To date, only Americans have travelled to the Moon. On Artemis 2, that will change when the Canadian Space Agency sends one of its four astronauts on the first-ever crewed flight of NASA’s Orion capsule and the Space Launch System (SLS) rocket on a near two week test flight around the Moon.
The as yet un-assigned crewmember will become the first Canadian to travel to lunar orbit and will be one of up-to four crew on the scheduled 2023 Artemis 2 test flight — making Canada only the second nation to send one of its citizens to our closest neighbor.
Canada to the Moon
Prior to today’s announcement, Canada was the first nation to join the Lunar Gateway with NASA and was within the first group of nations to officially join the Artemis Program earlier this year.
At the outset of its Lunar Gateway commitment, the Canadian Space Agency (CSA) secured several hundred million dollars in government funding to invest in the project as well as offered to provide the robotic arm and robotic interfaces for Gateway modules to support exterior science platforms that will be vital to Gateway’s operation.
Canadarm3, announced earlier this year, will be an autonomous arm debuting upgraded capabilities and lessons learned from Canadarm2 and Dextre on the Space Station while also taking advantage of commercial advancements in robotics that Canadian company MDA has made in the 25 years since development of the International Space Station’s arm began.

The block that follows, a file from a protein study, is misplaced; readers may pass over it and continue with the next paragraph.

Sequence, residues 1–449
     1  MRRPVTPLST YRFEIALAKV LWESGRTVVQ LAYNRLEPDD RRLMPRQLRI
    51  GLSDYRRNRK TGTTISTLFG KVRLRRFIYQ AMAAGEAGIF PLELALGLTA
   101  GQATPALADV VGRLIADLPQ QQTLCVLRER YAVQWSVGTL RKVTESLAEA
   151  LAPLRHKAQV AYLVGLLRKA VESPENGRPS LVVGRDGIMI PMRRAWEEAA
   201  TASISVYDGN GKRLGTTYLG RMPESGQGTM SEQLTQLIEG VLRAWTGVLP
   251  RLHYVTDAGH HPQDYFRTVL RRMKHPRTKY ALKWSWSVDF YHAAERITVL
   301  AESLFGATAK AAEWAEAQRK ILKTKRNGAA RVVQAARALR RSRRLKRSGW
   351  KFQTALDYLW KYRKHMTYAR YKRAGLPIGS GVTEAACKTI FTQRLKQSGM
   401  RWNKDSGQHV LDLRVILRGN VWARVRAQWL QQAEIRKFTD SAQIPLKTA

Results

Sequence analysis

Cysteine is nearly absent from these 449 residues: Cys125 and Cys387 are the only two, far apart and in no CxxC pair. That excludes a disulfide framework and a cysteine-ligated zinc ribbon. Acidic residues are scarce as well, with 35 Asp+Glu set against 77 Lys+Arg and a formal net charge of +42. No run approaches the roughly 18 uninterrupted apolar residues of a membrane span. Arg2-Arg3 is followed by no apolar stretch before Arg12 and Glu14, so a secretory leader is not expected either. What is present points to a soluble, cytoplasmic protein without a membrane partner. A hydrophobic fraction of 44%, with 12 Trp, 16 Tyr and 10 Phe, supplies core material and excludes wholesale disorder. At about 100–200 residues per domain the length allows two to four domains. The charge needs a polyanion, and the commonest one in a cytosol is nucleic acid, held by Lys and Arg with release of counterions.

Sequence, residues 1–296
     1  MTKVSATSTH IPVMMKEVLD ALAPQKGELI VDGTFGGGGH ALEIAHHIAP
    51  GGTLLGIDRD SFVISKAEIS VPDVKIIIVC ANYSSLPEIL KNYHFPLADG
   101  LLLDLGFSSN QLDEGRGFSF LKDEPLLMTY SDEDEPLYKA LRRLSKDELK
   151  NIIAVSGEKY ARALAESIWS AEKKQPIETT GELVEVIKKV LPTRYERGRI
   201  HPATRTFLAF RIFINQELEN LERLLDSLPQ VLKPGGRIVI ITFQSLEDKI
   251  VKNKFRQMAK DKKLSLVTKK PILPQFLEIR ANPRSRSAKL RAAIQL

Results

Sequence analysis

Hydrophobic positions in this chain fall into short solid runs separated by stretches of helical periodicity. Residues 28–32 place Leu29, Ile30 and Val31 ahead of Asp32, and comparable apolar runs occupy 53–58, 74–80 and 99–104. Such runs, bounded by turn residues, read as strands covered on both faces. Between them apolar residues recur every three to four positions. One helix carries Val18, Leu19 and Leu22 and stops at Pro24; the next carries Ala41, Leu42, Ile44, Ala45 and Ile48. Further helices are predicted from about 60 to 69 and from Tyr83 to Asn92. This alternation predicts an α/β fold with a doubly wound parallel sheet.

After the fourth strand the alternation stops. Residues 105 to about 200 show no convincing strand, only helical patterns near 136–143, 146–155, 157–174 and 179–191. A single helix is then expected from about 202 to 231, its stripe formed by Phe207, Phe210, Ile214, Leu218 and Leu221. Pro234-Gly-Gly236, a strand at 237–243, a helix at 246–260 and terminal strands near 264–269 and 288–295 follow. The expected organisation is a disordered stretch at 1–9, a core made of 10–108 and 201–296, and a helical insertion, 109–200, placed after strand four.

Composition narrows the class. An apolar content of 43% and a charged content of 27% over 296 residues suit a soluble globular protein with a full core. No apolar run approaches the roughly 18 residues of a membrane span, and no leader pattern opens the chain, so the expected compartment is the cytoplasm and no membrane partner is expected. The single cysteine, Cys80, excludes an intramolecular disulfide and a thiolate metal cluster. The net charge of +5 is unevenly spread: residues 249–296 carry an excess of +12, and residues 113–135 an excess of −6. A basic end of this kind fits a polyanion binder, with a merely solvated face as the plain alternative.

— CanadianSpaceAgency (@csa_asc) December 16, 2020
The contract for Canadarm3 was formalized earlier this month. Prior to that, NASASpaceflight spoke with the CSA Director General Gilles Leclerc as well as members of CSA’s RoboTeam about the future of Canadian robotics in space.
The announcement today that Canada is the first nation to have a seat for one of its astronauts on the first crewed Artemis flight serves as yet another example of the commitment CSA has to space exploration and the science returns that benefit everyone’s life.
CSA officials have also made clear that just as their commitment to Canada and NASA for the International Space Station was “for as long as it lasts,” so too is the agency’s commitment to the Lunar Gateway and Artemis.
Artemis 2 will be the first crewed mission to the Moon since Apollo 17 departed the Taurus-Littrow valley 48 years ago this week. It will also mark the first human flight beyond low Earth orbit since Apollo 17 and the first-ever international human spaceflight to leave low Earth orbit.
The launcher elements for Artemis 2 are already well underway, with the Solid Rocket Boosters already cast with propellant in Utah, the Orion capsule and its service module in build operations, the Core Stage under construction, and former Space Shuttle Main Engines undergoing processing for flight.
Artemis 2 will follow Artemis 1, an uncrewed test flight set to launch no earlier than November 2021.
Artemis 2 will follow, launching from LC-39B at the Kennedy Space Center, Florida, some time in 2023 per current schedules. This will mark the first lunar human flight from 39B since Apollo 10 in May 1969.
While Artemis 2 will not land on the Moon, it will remain in lunar orbit for about a week, testing the NASA-Lockheed Martin-developed Orion capsule and the European Space Agency-provided European Service Module.
Artemis 2 will pave the way for Artemis 3 — which will land on the Moon — and future missions.